Network-based recruitment of people who inject drugs for hepatitis C testing and linkage to care

Oluwaseun Falade-Nwulia, Kathleen M. Ward, Sean McCormick, Shruti H. Mehta, Stephanie R. Pitts, Stephanie Katz, Geetanjali Chander, David L. Thomas, Mark Sulkowski, Carl A. Latkin

Research output: Contribution to journalArticlepeer-review


Although oral direct-acting agent (DAA) therapies have the potential to reduce the burden of hepatitis C virus (HCV) infection, treatment uptake remains low, particularly among people who inject drugs (PWID). This study examined the feasibility of an innovative peer-based recruitment strategy to engage PWID in HCV testing and treatment. We interviewed an initial set of HCV antibody-positive PWID as ‘primary indexes’ to gather demographic, drug use, health information and drug network characteristics. Primary indexes were then briefly educated on HCV and its treatment and encouraged to recruit their injection drug ‘network members’ for HCV testing and linkage to care. Eligible network members were enrolled as ‘secondary indexes’ and completed the same index study procedures. In sum, 17 of 36 primary indexes initiated the recruitment of 64 network members who were HCV antibody positive and eligible to become indexes. In multivariable analysis, successful recruitment of at least one network member was positively associated with prior HCV treatment (OR 2.80; CI [1.01, 7.72]), daily or more injection drug use (OR 2.38; CI [1.04, 5.47]), and a higher number of injection drug network members (OR 1.20; CI [1.01, 1.42]). Among the 69 participants with chronic HCV not previously linked to HCV care at enrolment, 91% (n = 63) completed a linkage to HCV care appointment, 45% (n = 31) scheduled an appointment with an HCV provider, and 20% (n = 14) initiated HCV therapy. These findings suggest a potential benefit for peer-driven, network-based interventions focused on HCV treatment-experienced PWID as a mechanism to increase HCV linkage to care.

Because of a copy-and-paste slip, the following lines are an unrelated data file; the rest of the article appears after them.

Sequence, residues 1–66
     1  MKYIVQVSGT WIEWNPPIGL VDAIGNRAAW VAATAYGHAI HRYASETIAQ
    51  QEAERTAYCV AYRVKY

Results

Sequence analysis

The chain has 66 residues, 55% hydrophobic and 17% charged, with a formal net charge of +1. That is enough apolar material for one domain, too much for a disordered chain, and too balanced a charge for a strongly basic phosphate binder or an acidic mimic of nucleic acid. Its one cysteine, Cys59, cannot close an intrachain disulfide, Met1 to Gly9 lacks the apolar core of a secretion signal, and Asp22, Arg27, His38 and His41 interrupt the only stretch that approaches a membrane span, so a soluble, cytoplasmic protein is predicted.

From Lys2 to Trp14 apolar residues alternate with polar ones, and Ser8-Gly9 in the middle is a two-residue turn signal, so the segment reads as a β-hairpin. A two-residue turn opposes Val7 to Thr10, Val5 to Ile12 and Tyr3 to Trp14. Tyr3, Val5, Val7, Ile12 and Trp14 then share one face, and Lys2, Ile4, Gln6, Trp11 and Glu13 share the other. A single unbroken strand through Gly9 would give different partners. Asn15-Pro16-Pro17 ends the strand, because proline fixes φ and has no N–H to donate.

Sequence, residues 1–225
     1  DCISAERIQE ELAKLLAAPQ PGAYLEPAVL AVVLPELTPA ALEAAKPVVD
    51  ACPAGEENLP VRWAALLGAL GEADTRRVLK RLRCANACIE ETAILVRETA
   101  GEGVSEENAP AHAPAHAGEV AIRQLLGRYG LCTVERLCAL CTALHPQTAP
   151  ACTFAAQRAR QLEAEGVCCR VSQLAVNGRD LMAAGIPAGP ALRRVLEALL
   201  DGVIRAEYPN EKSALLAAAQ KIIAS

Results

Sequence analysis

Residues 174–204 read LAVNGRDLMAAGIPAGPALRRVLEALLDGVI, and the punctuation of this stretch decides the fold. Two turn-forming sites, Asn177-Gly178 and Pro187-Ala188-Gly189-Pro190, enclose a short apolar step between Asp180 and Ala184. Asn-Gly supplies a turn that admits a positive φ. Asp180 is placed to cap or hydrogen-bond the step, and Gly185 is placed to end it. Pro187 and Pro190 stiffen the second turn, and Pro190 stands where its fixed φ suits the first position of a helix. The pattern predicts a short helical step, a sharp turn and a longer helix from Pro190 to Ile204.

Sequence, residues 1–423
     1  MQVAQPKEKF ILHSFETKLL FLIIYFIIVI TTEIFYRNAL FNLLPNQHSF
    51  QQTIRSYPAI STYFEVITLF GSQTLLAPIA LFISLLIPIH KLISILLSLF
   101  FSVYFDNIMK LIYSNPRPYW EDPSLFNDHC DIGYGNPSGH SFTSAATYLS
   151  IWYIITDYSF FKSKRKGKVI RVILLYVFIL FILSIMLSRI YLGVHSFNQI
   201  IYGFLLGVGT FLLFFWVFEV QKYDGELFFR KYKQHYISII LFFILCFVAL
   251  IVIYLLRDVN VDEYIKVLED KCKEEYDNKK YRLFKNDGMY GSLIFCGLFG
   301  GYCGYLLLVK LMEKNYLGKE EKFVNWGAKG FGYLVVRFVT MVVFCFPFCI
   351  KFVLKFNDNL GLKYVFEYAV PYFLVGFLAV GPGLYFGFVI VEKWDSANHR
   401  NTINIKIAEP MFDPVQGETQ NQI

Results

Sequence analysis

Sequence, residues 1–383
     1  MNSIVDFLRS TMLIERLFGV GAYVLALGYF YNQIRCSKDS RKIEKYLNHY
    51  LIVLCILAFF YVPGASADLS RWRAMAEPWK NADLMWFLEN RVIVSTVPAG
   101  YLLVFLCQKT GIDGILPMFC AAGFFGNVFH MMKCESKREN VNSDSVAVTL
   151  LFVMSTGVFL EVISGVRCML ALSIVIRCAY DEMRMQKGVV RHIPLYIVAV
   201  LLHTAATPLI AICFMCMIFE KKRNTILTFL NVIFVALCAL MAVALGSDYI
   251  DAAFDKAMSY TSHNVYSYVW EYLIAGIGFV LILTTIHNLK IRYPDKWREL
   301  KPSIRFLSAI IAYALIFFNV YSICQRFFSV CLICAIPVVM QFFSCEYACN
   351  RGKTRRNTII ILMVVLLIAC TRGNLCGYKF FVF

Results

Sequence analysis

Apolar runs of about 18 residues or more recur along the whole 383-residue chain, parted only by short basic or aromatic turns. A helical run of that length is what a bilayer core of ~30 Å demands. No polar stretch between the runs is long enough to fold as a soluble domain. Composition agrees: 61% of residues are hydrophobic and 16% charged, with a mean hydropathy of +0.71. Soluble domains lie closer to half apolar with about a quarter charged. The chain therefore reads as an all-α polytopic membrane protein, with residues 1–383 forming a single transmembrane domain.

Original languageEnglish (US)
Pages (from-to)663-670
Number of pages8
JournalJournal of viral hepatitis
Issue number7
StatePublished - Jul 1 2020


  • care continuum
  • injection drug use
  • peer
  • social network
  • social support

ASJC Scopus subject areas

  • Hepatology
  • Virology
  • Infectious Diseases


Dive into the research topics of 'Network-based recruitment of people who inject drugs for hepatitis C testing and linkage to care'. Together they form a unique fingerprint.

Cite this